Saturday, March 23, 2013

RTE quota: all still in a state of limbo

RTE quota: all still in a state of limbo

Bangalore Bureau
A girl, who clearly did not have the right to an education, carries her employer’s daughter’s schoolbag.File Photo: K.R. Deepak
The Hindu A girl, who clearly did not have the right to an education, carries her employer’s daughter’s schoolbag.File Photo: K.R. Deepak
Schools in Bangalore appeared to be in no hurry to meet the June 5 deadline for displaying the list of socially and economically backward students who have been accepted to fill the 25 per cent seats reserved for them as per the Right to Education (RTE) Act in their schools.
Meanwhile, considering the high concentration of private schools in Bangalore, education officials here have been given an additional five days to verify and process the applications. What seems to be complicating matters is that the flow of applications is uneven, with some schools attracting a high degree of preference while others have no takers, an official said.

‘No applications'

“It's not that we don't want to admit children. It's just that we have not received any such applications,” said an official from Evershine High School, Kamanahalli. Another school from Mahalaxmi Layout had a similar story to tell. “We had no takers for the applications we handed out,” said school officials.
The principal of Gem English High School, Banaswadi said: “Nobody has approached us to fill these seats,” adding that the school would not be campaigning to increase awareness about the applications being available. Another principal said they had not received any application though the information was displayed on the notice board.
Mansoor Khan, Member, Board of Management, Delhi Public School Group, said they had received only one application for Class 4 (which is not the entry level and therefore does not fall under the quota rule). He added they have not received any communication or list from the Education Department authorities either.
The headmistress of a school near Richmond Circle stated that she was informed about the RTE Act only two days ago.
Taken aback on being asked about the list to be displayed on June 5, she said: “I contacted the school management only yesterday. Obviously, it will take longer for us to display this list.”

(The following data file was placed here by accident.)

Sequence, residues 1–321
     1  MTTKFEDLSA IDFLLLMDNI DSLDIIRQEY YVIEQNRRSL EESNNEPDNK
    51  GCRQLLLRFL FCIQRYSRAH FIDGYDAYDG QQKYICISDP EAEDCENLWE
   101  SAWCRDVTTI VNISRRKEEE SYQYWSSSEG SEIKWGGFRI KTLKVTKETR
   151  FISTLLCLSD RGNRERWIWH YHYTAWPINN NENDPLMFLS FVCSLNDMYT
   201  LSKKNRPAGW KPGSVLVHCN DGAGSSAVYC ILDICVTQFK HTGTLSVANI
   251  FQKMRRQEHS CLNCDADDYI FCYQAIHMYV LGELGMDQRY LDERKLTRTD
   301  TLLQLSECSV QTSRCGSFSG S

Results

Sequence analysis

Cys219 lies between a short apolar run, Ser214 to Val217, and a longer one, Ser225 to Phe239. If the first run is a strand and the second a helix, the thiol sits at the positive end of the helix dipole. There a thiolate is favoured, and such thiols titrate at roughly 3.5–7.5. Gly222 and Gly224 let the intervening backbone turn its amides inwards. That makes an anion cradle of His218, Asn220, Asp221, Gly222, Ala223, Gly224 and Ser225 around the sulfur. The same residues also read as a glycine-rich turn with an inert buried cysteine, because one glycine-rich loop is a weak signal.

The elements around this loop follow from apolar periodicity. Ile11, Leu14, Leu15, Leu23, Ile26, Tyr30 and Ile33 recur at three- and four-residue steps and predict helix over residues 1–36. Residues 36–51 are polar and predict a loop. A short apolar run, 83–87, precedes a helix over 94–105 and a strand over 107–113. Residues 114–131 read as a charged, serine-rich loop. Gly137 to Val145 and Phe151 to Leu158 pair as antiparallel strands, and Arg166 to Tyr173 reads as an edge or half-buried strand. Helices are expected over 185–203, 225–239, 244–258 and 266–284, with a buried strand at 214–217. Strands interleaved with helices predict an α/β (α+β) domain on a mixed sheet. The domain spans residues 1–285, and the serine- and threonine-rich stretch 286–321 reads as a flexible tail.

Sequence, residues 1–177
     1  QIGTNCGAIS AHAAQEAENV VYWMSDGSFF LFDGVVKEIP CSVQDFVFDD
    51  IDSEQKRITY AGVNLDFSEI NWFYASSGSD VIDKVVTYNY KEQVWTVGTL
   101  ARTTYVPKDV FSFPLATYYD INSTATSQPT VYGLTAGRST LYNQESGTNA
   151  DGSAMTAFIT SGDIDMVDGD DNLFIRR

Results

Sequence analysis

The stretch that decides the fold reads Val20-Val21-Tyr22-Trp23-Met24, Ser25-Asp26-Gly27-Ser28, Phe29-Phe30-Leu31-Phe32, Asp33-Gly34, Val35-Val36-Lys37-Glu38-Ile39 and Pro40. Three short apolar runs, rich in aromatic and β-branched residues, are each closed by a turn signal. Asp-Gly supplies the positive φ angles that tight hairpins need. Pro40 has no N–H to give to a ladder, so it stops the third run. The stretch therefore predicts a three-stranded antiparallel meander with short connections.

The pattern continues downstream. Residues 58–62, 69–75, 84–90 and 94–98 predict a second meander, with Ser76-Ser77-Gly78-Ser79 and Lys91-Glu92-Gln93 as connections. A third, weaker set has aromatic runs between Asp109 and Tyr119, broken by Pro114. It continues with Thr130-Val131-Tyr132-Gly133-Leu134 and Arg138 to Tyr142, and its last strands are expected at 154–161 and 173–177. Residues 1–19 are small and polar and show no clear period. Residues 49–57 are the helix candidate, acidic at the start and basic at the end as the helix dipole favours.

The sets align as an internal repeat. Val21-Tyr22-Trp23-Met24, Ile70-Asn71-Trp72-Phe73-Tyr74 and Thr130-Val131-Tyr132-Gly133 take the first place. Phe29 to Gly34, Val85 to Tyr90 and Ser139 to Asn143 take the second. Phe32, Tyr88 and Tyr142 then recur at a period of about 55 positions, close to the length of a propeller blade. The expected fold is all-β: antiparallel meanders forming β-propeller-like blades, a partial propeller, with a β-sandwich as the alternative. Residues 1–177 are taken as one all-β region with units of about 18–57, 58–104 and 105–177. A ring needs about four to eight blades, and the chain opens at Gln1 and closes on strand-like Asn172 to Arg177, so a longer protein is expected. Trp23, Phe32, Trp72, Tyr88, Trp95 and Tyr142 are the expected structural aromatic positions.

The headmistress of Max Muller Public School too said she was awaiting the management's go-ahead. “We can comment on this only after June 15.”

‘We are waiting'

There are some schools that have admitted socially and economically backward students but even they don't seem completely informed about the Act and the deadlines it has set for schools. Christ King School in Subbayyana Palya has admitted one student under this framework and is awaiting more applications. “We expect more students to ask for the applications in the next two or three days,” said principal Govindaswamy.
The principal of a school in Kamanahalli said one student had been accepted into Class 1 and added that with this, she had “done her job”.
The principal of SJR Primary and High School in Rajajinagar said they had accepted two students from deprived background as mandated by the Act, adding most of the students in the school were from economically and socially weaker sections anyway.

‘Lack of space'

The principal of Presidency School, Nandini Layout, said that she already had eight or 10 students falling under this category studying in the school. “It's not that we don't want to admit students under the RTE. It is purely because of lack of space that we're not being able to.”

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